UK Government response ‘utterly predictable’ writes David Liddell

Earlier in the week, the UK Government was accused of a “wholesale rejection” of recommendations made by the House of Commons’ Scottish Affairs Committee inquiry into drug-related deaths in Scotland.

Scottish Drugs Forum’s CEO, David Liddell, has written the below in response.

The UK Government response to the Scottish Affairs Committee report is utterly predictable, by and large.

If anyone had any lingering hope that there would be any hint of a shift to a more progressive approach from the Westminster Government,  this has been dispelled. What is clear is that Scotland cannot rely on the UK Government for assistance and help with the public health emergency we face.

The UK Government’s make up means that they are never going to endorse a drug consumption rooms in Scotland, even a Glasgow pilot.  To be fair, they have at least made this clear now.  If Scotland wants a drug consumption room this side of independence, we are going to have to be far braver.  This would mean allowing a drug consumption room to operate in Scotland and not prosecute those who run such services on the basis that it is not in the public interest to do so.  Responsibility for enforcement of the law in Scotland lies in Scotland.

In terms of the fatal drug overdose crisis, we have to be realistic and accept that one drug consumption room for 500 people will not significantly impact on the fatal overdoses that occur across Scotland amongst the 60,000 people with a drug problem.  We can only protect people from overdose by ensuring swift access to high quality treatment.  As long as only 35% of people who could benefit from the protection treatment offers are actually in treatment, we have to accept that we will not be able to reduce the rate of drug-related deaths. We need to double the number of people in treatment.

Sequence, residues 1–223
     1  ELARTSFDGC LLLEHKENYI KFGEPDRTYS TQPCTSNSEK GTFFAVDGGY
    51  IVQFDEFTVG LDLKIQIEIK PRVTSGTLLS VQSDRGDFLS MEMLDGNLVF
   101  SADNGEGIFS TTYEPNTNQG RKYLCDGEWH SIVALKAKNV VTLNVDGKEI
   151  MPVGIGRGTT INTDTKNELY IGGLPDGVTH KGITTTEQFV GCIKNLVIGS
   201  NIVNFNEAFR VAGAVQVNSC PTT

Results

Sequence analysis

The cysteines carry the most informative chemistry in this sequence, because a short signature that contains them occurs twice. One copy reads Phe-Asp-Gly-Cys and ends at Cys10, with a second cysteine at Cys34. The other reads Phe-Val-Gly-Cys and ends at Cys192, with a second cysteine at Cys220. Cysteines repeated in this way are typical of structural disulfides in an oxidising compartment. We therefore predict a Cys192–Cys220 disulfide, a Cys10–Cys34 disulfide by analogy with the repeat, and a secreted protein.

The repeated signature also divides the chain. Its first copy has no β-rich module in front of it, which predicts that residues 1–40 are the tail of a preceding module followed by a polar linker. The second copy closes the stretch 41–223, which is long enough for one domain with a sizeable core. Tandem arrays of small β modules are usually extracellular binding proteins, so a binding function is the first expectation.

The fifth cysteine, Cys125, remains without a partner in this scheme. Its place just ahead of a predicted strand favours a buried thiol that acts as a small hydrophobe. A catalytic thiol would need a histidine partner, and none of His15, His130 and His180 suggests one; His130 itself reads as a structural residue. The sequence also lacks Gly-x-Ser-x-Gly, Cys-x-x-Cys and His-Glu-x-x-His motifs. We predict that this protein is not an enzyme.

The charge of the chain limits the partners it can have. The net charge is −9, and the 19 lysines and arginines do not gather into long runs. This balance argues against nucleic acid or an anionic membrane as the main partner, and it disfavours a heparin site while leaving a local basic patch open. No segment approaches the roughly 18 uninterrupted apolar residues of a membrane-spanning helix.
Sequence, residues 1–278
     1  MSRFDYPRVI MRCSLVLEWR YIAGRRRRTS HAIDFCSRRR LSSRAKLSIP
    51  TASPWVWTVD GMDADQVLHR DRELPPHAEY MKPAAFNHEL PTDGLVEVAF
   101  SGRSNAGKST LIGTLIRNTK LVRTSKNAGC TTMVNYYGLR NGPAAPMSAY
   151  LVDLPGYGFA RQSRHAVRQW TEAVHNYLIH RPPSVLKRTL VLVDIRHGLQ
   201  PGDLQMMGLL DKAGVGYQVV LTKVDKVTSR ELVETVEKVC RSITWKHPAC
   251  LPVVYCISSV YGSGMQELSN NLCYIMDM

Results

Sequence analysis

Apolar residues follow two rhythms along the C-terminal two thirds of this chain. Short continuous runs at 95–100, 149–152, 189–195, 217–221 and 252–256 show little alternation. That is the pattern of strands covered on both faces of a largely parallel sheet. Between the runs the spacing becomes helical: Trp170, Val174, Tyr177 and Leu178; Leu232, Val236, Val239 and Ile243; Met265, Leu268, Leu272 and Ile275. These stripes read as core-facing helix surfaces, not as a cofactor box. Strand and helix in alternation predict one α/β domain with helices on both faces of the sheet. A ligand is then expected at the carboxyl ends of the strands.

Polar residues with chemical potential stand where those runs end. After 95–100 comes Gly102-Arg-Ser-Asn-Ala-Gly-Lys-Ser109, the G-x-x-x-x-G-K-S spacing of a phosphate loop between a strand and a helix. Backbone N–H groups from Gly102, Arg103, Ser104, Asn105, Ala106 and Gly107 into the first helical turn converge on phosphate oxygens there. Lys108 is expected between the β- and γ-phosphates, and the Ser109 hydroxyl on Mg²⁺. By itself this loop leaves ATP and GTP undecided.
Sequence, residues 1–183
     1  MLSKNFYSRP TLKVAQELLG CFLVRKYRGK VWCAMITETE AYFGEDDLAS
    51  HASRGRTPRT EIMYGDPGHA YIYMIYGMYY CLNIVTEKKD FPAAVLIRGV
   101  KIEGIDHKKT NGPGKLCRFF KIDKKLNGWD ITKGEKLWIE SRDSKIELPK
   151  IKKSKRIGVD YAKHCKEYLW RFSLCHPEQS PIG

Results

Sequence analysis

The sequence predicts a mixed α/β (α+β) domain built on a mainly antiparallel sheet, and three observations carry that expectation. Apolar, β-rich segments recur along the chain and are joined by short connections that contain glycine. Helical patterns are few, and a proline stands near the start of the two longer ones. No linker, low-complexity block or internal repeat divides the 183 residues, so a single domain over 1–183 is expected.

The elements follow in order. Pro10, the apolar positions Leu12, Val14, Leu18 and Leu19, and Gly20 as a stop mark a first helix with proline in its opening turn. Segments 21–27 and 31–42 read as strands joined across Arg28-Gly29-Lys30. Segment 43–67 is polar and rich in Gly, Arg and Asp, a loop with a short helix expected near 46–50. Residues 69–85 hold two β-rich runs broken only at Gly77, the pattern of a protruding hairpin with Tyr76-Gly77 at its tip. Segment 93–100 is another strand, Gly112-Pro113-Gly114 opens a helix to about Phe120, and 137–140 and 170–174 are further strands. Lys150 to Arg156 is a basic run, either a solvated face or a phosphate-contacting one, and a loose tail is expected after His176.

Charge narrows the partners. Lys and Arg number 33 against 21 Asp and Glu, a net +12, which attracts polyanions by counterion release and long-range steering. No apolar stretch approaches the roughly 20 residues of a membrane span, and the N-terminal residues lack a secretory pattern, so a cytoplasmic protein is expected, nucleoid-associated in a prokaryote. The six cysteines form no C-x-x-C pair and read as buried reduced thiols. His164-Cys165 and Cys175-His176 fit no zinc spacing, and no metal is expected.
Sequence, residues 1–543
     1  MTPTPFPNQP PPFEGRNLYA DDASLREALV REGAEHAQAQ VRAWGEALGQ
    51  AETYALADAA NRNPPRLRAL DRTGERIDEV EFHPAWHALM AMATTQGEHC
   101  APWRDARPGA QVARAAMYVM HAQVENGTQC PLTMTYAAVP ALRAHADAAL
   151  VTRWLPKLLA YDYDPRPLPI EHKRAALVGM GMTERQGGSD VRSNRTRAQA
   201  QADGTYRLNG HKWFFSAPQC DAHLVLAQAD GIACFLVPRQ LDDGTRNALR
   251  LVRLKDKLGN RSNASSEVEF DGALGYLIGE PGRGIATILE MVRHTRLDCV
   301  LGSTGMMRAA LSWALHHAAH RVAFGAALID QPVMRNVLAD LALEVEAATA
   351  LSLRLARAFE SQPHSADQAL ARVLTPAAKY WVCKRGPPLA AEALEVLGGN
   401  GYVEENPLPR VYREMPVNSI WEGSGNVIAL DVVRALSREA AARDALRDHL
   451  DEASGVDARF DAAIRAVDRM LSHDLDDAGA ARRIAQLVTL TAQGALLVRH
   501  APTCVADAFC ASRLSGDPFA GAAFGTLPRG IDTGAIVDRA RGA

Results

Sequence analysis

In relation to decriminalisation, SDF has long argued that this does not require the transfer of powers under this Misuse of Drugs Act but can be done within existing legislation. Scotland already delivers ‘recorded warnings’ to people caught in possession of cannabis; there is no reason why this could not be extended to all substances contained within the MDA.  SDF highlighted this in our evidence to the Committee and we will continue to support the extension of this simple means to keep people away from criminal justice and directed towards treatment, support and care.

On a more positive note, we can all welcome the two pieces of consensus that seem to have emerged – the importance of stigma which was also mentioned by the First Minister in the debate around the Programme For Government this month and the apparently shared commitment to address the root causes of problem drug use  – although we are likely to differ with the current UK Government on the roles of poverty, inequality, mental health, adverse childhood circumstances and experiences and trauma.


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